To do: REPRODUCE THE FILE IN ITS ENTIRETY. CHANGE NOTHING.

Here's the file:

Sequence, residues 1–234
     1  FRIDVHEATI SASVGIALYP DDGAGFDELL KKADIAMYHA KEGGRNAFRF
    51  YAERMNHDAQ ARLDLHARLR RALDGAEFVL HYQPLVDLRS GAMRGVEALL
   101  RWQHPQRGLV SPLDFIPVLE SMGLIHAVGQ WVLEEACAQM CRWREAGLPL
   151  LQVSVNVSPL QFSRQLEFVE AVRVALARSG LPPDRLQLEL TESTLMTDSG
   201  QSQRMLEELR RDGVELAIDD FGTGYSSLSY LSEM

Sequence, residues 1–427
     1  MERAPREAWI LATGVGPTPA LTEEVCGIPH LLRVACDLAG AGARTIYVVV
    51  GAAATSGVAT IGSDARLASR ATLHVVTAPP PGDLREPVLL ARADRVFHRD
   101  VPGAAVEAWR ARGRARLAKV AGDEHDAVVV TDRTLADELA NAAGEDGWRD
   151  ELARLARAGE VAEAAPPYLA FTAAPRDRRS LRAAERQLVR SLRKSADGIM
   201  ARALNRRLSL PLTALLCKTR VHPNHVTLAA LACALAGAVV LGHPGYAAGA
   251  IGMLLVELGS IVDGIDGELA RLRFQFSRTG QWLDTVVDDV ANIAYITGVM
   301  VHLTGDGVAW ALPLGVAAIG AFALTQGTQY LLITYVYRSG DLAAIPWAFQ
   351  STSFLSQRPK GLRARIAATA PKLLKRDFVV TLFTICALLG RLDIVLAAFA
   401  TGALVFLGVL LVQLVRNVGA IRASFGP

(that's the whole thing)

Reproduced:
Sequence, residues 1–234
     1  FRIDVHEATI SASVGIALYP DDGAGFDELL KKADIAMYHA KEGGRNAFRF
    51  YAERMNHDAQ ARLDLHARLR RALDGAEFVL HYQPLVDLRS GAMRGVEALL
   101  RWQHPQRGLV SPLDFIPVLE SMGLIHAVGQ WVLEEACAQM CRWREAGLPL
   151  LQVSVNVSPL QFSRQLEFVE AVRVALARSG LPPDRLQLEL TESTLMTDSG
   201  QSQRMLEELR RDGVELAIDD FGTGYSSLSY LSEM

Sequence, residues 1–427
     1  MERAPREAWI LATGVGPTPA LTEEVCGIPH LLRVACDLAG AGARTIYVVV
    51  GAAATSGVAT IGSDARLASR ATLHVVTAPP PGDLREPVLL ARADRVFHRD
   101  VPGAAVEAWR ARGRARLAKV AGDEHDAVVV TDRTLADELA NAAGEDGWRD
   151  ELARLARAGE VAEAAPPYLA FTAAPRDRRS LRAAERQLVR SLRKSADGIM
   201  ARALNRRLSL PLTALLCKTR VHPNHVTLAA LACALAGAVV LGHPGYAAGA
   251  IGMLLVELGS IVDGIDGELA RLRFQFSRTG QWLDTVVDDV ANIAYITGVM
   301  VHLTGDGVAW ALPLGVAAIG AFALTQGTQY LLITYVYRSG DLAAIPWAFQ
   351  STSFLSQRPK GLRARIAATA PKLLKRDFVV TLFTICALLG RLDIVLAAFA
   401  TGALVFLGVL LVQLVRNVGA IRASFGP